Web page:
Pawtucket Campus Named 2015 ACCSC School of Distinction
The Accrediting Commission of Career Schools and Colleges (ACCSC) hosted its 9th Annual Professional Development Conference in Arlington, Virginia on September 9-11, 2015. During the Annual Award Ceremony hosted on September 9th, the Commission recognized the 2015 Schools of Distinction, an award which recognizes member schools that have demonstrated a commitment to the expectations and rigors of ACCSC accreditation as well as a commitment to delivering quality educational programs to the students, graduates and employers that deserve our best work. Through this award it is the Commission’s intent to recognize the significant achievement of schools that successfully completed the accreditation process and satisfied all requirements required of an ACCSC accredited institution to be in good standing with the Commission. ACCSC-accredited institutions are eligible for the School of Distinction Award every five years, subject to meeting the conditions of renewing of accreditation with ACCSC without any findings of non-compliance, satisfying all requirements necessary to be in good standing with the Commission. ACCSC extends its sincere congratulations to NETTTS – Pawtucket on being named a 2015 ACCSC School of Distinction.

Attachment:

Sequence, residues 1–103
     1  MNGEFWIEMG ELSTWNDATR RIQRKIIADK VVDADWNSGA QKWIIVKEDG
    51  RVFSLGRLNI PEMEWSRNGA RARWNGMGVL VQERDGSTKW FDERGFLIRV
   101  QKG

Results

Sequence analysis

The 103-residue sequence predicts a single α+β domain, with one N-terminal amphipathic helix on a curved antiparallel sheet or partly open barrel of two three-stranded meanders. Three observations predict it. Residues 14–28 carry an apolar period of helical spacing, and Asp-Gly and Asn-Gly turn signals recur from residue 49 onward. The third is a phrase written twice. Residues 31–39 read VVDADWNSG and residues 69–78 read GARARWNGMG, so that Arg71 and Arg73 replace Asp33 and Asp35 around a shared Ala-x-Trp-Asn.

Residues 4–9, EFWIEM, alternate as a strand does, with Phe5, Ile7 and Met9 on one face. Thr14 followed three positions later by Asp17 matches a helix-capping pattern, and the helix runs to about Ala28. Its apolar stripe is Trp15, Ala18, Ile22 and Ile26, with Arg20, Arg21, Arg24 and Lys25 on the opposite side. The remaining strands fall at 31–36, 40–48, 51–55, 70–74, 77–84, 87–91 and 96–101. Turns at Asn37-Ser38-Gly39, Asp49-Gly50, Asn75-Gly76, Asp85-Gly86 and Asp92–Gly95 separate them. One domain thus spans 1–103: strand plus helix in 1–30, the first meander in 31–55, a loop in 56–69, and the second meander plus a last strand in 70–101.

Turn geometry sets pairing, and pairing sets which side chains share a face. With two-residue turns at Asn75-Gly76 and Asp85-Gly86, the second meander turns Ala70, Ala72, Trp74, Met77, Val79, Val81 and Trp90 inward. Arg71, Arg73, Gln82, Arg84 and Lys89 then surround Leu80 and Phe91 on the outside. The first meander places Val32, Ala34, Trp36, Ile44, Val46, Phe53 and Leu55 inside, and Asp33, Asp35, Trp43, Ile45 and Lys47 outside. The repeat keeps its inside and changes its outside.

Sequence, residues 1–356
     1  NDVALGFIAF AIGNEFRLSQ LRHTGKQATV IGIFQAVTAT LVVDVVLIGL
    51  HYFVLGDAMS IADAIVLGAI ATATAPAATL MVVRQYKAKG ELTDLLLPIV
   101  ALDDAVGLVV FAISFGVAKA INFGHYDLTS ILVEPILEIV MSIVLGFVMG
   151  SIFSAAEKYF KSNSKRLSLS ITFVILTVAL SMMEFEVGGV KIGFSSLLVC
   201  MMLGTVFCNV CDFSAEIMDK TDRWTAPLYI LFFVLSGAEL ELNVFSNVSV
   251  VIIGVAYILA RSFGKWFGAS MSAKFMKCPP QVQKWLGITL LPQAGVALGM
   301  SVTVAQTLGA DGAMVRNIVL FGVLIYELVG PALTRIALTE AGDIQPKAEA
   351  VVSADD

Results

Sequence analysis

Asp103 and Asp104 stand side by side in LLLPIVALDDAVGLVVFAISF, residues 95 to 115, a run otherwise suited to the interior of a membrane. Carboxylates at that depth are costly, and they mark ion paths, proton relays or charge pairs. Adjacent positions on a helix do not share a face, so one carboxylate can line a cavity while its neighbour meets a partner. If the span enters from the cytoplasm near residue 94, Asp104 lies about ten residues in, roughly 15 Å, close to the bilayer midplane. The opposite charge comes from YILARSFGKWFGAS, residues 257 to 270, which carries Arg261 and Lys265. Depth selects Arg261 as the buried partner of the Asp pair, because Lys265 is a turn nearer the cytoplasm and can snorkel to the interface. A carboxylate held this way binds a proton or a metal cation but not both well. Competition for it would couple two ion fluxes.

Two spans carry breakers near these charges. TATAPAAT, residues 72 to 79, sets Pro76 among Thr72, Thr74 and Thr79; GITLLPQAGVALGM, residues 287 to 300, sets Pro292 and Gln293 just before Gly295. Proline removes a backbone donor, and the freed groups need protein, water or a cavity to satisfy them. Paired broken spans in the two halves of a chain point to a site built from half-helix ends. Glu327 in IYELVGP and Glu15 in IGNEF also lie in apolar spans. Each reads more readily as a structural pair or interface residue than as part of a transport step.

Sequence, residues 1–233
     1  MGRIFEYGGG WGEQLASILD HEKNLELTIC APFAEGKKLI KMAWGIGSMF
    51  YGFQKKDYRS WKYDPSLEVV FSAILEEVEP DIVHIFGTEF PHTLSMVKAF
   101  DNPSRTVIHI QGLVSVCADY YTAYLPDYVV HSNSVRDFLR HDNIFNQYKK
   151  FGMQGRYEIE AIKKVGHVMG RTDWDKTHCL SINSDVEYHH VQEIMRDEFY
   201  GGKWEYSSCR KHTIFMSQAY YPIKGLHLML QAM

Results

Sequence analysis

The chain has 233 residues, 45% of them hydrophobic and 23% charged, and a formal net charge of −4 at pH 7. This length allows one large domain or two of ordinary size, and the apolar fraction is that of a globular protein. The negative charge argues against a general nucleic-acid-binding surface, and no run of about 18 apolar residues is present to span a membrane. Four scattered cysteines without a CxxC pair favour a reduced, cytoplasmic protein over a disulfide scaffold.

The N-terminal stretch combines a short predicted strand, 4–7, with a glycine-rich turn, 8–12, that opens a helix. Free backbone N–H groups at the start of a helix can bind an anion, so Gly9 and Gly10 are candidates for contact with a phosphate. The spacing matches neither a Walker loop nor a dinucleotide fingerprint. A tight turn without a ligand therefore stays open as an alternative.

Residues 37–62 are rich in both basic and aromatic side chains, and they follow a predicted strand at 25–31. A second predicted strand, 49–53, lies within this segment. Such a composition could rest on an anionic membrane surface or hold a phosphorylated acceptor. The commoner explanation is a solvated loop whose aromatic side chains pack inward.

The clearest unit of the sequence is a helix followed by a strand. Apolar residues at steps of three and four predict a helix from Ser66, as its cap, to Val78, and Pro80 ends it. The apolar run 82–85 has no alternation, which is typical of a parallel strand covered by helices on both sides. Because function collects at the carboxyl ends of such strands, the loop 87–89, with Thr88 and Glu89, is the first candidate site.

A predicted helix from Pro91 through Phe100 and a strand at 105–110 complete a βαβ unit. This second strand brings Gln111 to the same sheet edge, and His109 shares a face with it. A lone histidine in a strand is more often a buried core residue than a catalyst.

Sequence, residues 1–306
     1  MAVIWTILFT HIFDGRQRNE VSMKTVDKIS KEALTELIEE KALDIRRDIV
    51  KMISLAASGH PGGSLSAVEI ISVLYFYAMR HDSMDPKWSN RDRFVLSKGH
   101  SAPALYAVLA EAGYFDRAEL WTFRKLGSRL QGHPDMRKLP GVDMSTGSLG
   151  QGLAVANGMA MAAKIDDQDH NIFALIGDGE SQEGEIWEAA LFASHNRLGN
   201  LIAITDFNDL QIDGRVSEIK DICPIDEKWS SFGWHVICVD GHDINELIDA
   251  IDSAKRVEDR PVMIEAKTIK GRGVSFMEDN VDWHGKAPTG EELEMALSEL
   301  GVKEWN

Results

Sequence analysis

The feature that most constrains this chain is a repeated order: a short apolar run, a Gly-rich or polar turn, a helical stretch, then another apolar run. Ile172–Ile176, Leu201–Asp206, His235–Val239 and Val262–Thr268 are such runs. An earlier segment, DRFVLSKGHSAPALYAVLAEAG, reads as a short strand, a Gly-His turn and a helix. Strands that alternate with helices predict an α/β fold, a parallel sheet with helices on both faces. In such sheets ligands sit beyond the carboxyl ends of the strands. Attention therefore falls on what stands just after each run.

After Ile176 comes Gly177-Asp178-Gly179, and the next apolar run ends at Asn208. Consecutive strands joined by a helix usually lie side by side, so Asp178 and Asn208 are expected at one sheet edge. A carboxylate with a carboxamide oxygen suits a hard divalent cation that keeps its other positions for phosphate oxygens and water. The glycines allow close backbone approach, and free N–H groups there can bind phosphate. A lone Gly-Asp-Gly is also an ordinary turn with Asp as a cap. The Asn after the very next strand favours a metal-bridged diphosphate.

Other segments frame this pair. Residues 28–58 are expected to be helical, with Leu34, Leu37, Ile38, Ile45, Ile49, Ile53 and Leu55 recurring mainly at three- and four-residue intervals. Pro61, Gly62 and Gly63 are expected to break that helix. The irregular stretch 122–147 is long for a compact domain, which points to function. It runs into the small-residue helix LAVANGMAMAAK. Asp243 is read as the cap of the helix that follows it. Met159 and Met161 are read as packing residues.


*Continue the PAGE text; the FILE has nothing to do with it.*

Since 1965, the Accrediting Commission of Career Schools and Colleges (ACCSC) has been committed to establishing and advancing quality education at postsecondary career schools and colleges. ACCSC accredits public, private, non-profit, and for-profit institutions that offer career, technical, and vocational training programs at the postsecondary level. ACCSC is dedicated to ensuring a quality education for more than 185,000 students who are pursuing a quality career education at approximately 700 ACCSC-accredited institutions across the United States, Puerto Rico, and abroad. ACCSC has been continuously recognized by the U.S. Department of Education as a reliable authority for quality education since 1967. In 2011, ACCSC’s recognition was renewed for five years, the maximum timeframe allowed under current federal regulations.